team c'tute

Robin and I have run an indigo class together three times now, and worked with a vat outside of class several more. The first time, she was new to the beast. Now, we do this thing together. 

Here's how it works. We roll up and unload the buckets and the pile of class materials. Robin analyses the space and graciously introduces us to everyone in the room. I wave and smile and zoom off in search of hot water. She politely wrangles a garbage sack out of the kitchen lady and reports that she's territorial about the kitchen. Armed with this key knowledge, I take my buckets, and tell the kitchen lady that they're food grade, have been through the dishwasher, and may I please fill them in her wash tub. She says yes. Phew. One hurdle overcome with Agent Robin's recon.

We balance the vats together. I'm teaching Robin how to make sure a vat works for a large class. She's calling me on my overconfidence -- which is always good. As we settle the pH into place, she sees what can go wrong and how to fix it. Now there are two of us who can rescue a vat that starts to veer off onto a bad place during a class, and we know that with an hour setup we can get the show on the road.

During our little demo for the participants in FLAIR, Robin grabs the stack of books out of my hands and laughingly tells everyone that I'm a physical talker and she's just saved them from having books thrown at them. It's true. She sees that the class is not grasping my physical explanation of an accordion fold, and gives them a short verbal explanation that brings everyone around to oh! of course! Gratitude on my part.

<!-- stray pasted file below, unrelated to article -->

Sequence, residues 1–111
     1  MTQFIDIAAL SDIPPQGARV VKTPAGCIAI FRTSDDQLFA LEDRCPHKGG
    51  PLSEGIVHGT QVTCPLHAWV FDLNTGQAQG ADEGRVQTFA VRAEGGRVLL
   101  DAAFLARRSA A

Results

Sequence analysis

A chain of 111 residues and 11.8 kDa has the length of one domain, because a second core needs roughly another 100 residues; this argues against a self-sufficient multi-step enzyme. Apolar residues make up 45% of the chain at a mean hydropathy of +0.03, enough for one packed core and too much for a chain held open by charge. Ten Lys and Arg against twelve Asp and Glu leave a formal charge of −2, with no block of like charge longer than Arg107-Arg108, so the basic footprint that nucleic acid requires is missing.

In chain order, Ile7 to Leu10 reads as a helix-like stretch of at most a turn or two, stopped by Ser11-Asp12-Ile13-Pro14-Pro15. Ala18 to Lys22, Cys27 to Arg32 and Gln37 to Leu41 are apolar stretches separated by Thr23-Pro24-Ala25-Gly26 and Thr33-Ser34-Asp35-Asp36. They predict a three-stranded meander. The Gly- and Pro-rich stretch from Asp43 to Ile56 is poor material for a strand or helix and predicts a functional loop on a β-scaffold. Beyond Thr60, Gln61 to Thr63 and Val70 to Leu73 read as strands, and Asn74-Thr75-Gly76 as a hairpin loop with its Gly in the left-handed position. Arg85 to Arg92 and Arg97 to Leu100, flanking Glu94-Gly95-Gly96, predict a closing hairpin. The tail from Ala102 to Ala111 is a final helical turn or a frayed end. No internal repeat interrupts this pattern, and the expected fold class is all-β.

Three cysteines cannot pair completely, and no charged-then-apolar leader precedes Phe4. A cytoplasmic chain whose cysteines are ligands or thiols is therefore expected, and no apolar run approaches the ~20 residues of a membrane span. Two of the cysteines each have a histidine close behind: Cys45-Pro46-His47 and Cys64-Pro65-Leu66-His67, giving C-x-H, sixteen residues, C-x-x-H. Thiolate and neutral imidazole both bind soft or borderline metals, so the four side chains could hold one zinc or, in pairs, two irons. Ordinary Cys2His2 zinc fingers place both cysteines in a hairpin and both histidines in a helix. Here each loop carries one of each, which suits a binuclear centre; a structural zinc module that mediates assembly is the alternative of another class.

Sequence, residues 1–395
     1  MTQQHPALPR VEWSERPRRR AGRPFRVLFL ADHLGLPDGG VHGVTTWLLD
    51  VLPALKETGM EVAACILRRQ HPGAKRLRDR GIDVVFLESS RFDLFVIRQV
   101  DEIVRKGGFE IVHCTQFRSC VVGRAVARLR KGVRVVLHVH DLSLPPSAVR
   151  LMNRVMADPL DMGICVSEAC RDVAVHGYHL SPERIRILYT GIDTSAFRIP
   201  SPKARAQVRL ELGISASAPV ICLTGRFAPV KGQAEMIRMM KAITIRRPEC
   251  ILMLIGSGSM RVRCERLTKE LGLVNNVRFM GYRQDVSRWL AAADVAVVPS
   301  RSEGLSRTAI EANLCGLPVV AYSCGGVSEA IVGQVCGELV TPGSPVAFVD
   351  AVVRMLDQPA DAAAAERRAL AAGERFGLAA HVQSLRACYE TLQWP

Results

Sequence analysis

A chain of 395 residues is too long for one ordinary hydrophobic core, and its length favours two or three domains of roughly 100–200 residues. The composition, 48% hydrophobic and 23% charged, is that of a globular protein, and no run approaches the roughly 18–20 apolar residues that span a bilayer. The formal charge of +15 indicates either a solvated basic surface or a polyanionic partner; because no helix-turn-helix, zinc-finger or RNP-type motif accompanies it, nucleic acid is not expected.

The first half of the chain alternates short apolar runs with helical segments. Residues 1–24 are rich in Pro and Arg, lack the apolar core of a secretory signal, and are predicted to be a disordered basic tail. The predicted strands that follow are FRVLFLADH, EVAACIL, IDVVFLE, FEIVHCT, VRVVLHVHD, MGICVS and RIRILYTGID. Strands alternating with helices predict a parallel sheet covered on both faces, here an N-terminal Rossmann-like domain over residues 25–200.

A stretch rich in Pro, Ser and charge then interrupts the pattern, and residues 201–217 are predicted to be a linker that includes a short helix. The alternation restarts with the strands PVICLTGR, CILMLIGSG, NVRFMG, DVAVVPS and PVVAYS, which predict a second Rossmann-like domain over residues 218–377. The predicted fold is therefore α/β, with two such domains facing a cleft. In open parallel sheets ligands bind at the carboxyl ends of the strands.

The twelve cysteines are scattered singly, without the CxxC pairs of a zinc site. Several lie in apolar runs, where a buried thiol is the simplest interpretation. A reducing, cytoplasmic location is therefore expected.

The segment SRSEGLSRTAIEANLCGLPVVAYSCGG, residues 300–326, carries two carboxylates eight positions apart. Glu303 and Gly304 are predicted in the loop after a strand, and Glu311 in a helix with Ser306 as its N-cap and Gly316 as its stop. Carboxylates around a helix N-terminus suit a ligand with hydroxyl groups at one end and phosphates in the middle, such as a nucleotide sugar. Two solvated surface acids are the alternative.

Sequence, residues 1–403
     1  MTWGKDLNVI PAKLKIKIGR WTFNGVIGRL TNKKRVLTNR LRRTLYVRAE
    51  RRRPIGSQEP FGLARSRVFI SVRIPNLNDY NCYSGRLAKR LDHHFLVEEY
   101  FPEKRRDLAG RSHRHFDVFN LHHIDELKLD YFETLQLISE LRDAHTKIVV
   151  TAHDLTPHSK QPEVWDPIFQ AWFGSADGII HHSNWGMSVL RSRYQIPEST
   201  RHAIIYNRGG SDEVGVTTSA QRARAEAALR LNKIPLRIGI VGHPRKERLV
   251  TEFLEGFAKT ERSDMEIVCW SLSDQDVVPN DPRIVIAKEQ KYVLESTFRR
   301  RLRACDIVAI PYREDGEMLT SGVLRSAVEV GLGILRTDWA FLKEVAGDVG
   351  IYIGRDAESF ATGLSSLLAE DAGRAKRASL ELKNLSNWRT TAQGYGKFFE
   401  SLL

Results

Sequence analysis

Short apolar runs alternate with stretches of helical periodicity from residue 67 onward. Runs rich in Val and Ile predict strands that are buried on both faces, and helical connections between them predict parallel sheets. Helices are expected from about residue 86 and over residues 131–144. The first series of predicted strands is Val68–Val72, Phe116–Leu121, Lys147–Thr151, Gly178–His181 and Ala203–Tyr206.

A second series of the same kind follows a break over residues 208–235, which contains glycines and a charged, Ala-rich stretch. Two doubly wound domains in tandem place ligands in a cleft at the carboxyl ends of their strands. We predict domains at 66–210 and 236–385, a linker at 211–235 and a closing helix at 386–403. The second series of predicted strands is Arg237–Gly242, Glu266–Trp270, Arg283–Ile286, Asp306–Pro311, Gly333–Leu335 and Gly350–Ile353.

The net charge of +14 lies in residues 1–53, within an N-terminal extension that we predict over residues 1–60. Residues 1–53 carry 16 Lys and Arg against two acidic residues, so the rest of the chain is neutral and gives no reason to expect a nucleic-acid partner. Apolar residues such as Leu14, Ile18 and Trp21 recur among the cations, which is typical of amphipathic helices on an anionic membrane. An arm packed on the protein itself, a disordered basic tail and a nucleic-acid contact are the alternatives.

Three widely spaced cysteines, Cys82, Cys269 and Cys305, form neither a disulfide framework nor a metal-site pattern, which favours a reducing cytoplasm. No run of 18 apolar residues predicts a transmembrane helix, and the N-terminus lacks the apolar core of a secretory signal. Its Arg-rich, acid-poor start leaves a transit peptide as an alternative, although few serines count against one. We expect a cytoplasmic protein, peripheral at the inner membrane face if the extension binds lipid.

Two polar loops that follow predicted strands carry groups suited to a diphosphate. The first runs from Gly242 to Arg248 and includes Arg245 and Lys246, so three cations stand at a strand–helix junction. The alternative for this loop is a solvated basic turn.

I move back to the room with the vats, ready to explain that you really must be gentle or people behind you will not get good results. SLOW DOWN AS YOU DIP THAT SCARF, MA'AM. (Officer Erika? Who? Me?). Robin stays inside with the binders and folders. She walks around and encourages people through their insecurities. She gives people ideas for a reliable outcome. She talks the woman who is sure she's going to get a bad result down from her tree, calms her, and sets her back on course. She says: Yes, iron the folds. If you tighten that clamp the edges of the color will be cleaner, looser will make it feathery at the edges. You want dots? This is how you make dots.

She's watched and seen what my weaknesses are, and made me aware of them in a gentle and helpful way. She steps in and balances my slightly haywire self with calmness and encouragement. Yay team! I hope I can support Robin in the same way when she takes on a large class, and I can't wait to teach with Lisa and see what she brings to the mix.